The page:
ARE we really what we wear, when what we wear frequently isn’t Filipino?

As part of its month-long celebration of Philippine Tropical Fabrics Month this January, the Philippine Textile Research Institute (PTRI) held a talk titled “Mainstreaming Philippine Textiles,” which gave an overview of the state of Philippine textiles and what we can do to use more of it, thereby boosting local economy.

There are gaps in all areas of production, from producing enough fibers for local needs, to having to import finished fabrics for local production, to using local textile for local products for local use.

Take abaca, also known in international markets as Manila hemp. According to Carissa Cruz-Evangelista, Chair of the Philippine Fashion Coalition, a whopping 97% of our abaca is exported, and the country supplies 87% of the world’s abaca. Its applications include commercial textiles, used for fabric for fashion, and industrial purposes — for example, we export 94% of our pulp, and 5% cordage, and 43% of the abaca exported to the US is used for twine and cordage.

However, she also emphasized that the world’s first-class abaca comes from Ecuador. “Where we are now is that there’s actually not enough abaca to supply the world demand,” she said. “We only utilize 70-80,000 hectares, and it’s not enough.”

Aside from not growing enough abaca for the world’s needs, there is a lack for locally grown fibers for local needs.

There are gaps in production, she said, particularly at the agricultural level, such as not producing enough cotton. “We tend to import yarns, like our cotton has been imported since there’s not enough [grown locally],” she said. “The challenge is to be able to process these indigenous fibers for the Philippines — for Philippine consumption.”

So, the Philippines has to import textiles. “The issue that we have is that we import a big percent of our textile requirement for the garments and footwear industry,” Ms. Cruz-Evangelista pointed out. She referred to a Board of Investments (BoI) report from 2016, which saw $180 million in Philippine textile exports, but $1.2 billion in textile imports.

She points to a decline in cotton planting, garment manufacturing, exportation, and an added wound from the pandemic, a decline in employment in all these fields. “The government and the private sector have created a plan to be able to work with different exporters to be strengthened through trade agreements,” she said though.

On a cultural level, there’s also the prevalence of Western wear. “There’s nothing wrong with Western wear, but what we hope to promote with our coalition is to wear Filipino traditional clothing as a form of cultural soft power,” she said, using Joseph Nye’s definition of soft power as “shaping preference of others through appeal and attraction, not through coercion or payments.”

She cites as an example the Korean hallyu phenomenon, which saw the export of Korean culture — through food, music, and media — resulting in economic gain. “All of these have a direct impact on the economy of (South) Korea,” she said. “The challenge is for us to be able to follow the Korean model, but then improve it as Filipinos.”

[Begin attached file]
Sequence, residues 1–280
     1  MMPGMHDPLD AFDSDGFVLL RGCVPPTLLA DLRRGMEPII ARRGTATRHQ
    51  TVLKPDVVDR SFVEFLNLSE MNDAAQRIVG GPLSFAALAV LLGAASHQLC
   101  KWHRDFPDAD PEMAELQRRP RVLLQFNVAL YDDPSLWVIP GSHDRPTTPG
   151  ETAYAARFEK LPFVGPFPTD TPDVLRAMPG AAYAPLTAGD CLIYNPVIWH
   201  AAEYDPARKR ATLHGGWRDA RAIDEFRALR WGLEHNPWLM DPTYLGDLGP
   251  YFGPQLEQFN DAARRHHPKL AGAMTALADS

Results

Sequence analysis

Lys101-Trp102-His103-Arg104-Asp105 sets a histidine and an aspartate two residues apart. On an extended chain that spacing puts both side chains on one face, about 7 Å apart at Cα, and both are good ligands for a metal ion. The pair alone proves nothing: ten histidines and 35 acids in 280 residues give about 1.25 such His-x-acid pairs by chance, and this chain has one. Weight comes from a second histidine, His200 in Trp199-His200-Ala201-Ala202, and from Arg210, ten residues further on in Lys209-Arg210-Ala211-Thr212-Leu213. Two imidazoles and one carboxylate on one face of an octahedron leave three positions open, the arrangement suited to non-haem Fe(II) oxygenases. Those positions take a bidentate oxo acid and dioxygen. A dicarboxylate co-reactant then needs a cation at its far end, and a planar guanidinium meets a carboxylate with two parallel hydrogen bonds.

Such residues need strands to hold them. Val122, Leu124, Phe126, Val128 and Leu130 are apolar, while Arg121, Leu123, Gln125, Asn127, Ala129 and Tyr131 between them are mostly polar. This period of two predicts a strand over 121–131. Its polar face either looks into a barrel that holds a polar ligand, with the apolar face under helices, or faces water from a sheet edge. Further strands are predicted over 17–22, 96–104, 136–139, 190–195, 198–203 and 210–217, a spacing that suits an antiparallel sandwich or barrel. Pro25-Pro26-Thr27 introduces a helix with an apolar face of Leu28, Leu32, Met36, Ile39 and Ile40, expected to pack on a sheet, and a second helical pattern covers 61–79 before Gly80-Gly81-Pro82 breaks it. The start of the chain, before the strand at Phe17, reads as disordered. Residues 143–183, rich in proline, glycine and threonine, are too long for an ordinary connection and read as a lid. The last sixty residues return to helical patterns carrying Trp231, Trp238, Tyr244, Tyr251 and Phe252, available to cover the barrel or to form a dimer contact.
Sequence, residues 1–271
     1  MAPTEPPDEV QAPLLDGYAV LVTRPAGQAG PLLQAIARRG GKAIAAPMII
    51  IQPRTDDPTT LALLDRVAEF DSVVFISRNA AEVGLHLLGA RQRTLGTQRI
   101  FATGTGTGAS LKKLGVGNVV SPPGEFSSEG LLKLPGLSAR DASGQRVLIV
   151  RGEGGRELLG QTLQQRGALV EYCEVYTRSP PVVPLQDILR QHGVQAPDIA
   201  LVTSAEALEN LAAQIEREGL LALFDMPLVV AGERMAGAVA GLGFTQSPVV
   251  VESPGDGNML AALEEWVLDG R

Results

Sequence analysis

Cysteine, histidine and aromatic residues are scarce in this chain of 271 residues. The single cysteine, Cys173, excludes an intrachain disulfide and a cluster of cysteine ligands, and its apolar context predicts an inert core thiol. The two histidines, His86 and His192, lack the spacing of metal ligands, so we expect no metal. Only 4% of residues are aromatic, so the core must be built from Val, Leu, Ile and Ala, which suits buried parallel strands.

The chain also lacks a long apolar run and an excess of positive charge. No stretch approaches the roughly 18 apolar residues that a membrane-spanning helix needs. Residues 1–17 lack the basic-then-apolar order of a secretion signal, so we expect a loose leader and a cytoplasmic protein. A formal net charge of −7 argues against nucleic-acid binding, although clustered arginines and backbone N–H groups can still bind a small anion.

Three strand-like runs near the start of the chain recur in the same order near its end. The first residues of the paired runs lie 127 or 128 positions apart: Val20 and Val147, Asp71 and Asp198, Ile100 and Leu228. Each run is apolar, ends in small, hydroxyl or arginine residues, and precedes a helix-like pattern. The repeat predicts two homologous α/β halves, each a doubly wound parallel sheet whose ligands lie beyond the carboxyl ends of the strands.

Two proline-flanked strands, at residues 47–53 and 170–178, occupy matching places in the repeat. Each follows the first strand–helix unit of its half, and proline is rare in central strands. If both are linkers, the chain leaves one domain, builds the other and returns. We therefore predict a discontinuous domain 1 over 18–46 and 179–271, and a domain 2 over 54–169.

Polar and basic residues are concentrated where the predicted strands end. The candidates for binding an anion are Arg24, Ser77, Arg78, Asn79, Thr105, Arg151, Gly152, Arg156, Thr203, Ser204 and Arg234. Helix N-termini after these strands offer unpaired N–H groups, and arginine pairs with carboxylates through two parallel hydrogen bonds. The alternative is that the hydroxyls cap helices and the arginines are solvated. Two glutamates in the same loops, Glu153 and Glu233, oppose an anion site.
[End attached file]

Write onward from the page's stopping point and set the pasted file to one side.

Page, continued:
She pointed to 2022 television show The Broken Marriage Vow (which is a remake of a popular British TV show, Doctor Foster, which has been adapted by five other countries). The production design of Broken Marriage Vow uses local designers and fabrics extensively. She hopes that local shows could be exported, giving international exposure to the products used in the programs, much like what Korea does in K-drama.

While this seems like a far-off goal, she points out that in the 1950s, under the influence of the Americans, there had been deliberate efforts to grow the local textile industry. In 1959, the country had reached its production requirement for the national level, extending this strength to the end of the 1960s. The decline in production involved the advent of the importation of cheap textiles, as promoted by the government.

“What we hope would happen would that there would be more domestic preference again at this time, and support for both the artisan weavers and also the commercial textile mills.”

Solutions she finds include developing the manufacturing industry, since we export so much of our raw materials. “We had exported a great deal of our pulp, of our abaca. The semi-processing should at least be done here. We should be doing our teabags and doing other products made of abaca.”

She also cited RA 9242 (the Philippine Tropical Fabric Law) which prescribes the use of local fabrics for uniforms of public officials and employees, as helping the cause. “We have to do our part. That would include doing legislation, regulation for sustainability, and also for domestic preference.”

Of course, it’s easy to say “#buylocal” and all the other hashtags promoting the same idea, but the change should also be institutional: she calls for the development of not only natural fibers, which we already export, but the development of chemical fiber, and smart fibers.

“It’s the love of the textile and the love of our culture, but it is also the economic support for all the groups within the (fashion) ecosystem,” she said, counting the farmers who plant the fibers to the retailers who sell the clothes made from those fibers, and everyone else in between. “Even if we are inside now because of the pandemic, we still have a choice to not just purchase, not just advocate: but then, dream, and create a new kind of ecosystem.” — J.L. Garcia